Reality Check: Is Congress The Real Source Of Postal Service Problems?

Posted by on August 2, 2012 in Economy, Politics with 0 Comments
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Without help from Congress, the U.S. Postal Service (USPS) will not only default on payments for retiree health care benefits, but it could be short of cash for operations by mid-October.

As of midnight Wednesday, the Postal Service was in default — for the first time in its history — on a $5.5 billion payment owed the federal government to prepay health care benefits for retirees. By Oct. 15, the agency’s cash crunch could result in a $100 million shortfall, according to David C. Williams, the service’s inspector general.

Many believe that the Postal Service is in big financial trouble due to fewer people sending mail, opting instead using email and online bill pay.  While that is factor, it’s only part of the story.  It turns out that Congress is largely responsible for the financial situation that the Postal Service is in today.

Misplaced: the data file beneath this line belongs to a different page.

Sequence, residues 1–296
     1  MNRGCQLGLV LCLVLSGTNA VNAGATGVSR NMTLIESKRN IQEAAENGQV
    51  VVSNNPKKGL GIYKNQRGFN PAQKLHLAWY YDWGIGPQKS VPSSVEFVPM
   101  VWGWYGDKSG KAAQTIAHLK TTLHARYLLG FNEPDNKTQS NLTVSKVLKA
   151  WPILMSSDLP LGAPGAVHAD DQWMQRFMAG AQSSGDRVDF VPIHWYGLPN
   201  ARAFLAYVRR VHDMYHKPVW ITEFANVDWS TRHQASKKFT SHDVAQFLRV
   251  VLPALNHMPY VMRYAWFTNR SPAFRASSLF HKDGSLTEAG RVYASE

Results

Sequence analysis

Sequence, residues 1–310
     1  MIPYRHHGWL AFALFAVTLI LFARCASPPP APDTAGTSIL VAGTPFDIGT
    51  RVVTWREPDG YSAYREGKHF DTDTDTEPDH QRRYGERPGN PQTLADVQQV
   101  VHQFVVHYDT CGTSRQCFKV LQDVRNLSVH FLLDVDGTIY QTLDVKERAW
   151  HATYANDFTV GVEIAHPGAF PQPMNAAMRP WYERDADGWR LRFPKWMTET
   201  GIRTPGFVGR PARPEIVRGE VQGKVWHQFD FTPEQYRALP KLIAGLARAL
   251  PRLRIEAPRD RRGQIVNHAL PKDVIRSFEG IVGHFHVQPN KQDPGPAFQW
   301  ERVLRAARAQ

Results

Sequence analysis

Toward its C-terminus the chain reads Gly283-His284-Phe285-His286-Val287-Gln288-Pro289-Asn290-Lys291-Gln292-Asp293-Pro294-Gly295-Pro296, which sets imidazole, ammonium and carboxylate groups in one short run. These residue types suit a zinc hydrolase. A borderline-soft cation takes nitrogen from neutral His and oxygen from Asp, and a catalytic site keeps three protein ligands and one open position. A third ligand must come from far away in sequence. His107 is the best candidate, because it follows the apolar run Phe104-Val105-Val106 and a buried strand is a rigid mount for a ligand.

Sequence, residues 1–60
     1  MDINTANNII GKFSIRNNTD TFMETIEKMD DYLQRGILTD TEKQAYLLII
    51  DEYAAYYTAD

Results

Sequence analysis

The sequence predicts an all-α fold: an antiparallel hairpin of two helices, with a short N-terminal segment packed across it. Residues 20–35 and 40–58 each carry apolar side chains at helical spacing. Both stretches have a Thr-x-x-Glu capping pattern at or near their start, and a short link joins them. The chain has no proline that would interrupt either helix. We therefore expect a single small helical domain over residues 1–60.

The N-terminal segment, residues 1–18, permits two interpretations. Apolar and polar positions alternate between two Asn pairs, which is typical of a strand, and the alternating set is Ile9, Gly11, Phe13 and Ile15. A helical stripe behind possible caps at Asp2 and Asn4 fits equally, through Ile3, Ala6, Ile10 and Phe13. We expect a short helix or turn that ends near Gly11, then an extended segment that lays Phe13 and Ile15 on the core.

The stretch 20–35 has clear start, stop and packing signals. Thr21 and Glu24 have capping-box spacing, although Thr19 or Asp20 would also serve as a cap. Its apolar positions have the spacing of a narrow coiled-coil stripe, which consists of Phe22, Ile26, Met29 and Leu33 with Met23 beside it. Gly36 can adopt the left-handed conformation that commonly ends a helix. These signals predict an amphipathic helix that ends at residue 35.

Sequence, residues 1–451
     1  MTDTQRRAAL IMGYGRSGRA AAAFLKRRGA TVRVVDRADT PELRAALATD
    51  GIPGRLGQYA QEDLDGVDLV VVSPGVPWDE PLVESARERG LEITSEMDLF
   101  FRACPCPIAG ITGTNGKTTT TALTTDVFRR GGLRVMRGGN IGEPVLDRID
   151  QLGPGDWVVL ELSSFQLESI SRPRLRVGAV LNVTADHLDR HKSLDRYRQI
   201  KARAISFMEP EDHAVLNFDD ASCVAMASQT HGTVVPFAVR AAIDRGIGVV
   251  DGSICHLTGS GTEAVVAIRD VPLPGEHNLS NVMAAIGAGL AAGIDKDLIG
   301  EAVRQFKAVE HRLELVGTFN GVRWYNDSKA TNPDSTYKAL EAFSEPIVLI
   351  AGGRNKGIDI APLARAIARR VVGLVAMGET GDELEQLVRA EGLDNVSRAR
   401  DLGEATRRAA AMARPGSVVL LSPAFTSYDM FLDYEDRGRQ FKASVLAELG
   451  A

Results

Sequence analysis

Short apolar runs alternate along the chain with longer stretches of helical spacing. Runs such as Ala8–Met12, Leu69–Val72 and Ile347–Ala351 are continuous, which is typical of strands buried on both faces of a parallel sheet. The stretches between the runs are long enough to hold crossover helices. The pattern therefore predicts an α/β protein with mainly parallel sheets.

The Postal Service knows that it has to make cuts and is offering to do so: cutting 220,000 positions or 30% of its staff by 2015.  100,000 would disappear through attrition, and 120,000 would be eliminated through layoffs. They also propose closing down 3,700 locations and 300 processing facilities by 2014.

The biggest problem with the Postal Service is not the Internet or the lack of snail mail being sent, nor is it the shortage of postage stamps.  Their biggest problem is Congress, who has the power to control what the Postal Service can and cannot do.  When the Postal Service wants to close centers and offices, members of Congress intervene.  They want branches closed, but not in their communities. When the Postal Service suggested ending Saturday services, lawmakers have said no.

Congress also mandates that the Postal Service fund retirement for employees who haven’t even been born yet. The Postal Service is the only single entity that is required to fund pensions 75 years into the future.

The Postal Service believes that it has been overfunding the pension fund by $75 billion dollars.  But, they can’t get the money back.  Why? Because the money paid into these plans has been invested in treasury notes, bonds, and bills.  In other words, Congress has been borrowing all of that pension money and spending it.

So, to be clear: Congress blocks every attempt to cut costs.  Congress requires pension funding.  Congress borrows that pension money and spends it.  Perhaps Congress should get out of the way and see what the Postal Service can do without Congress involved.

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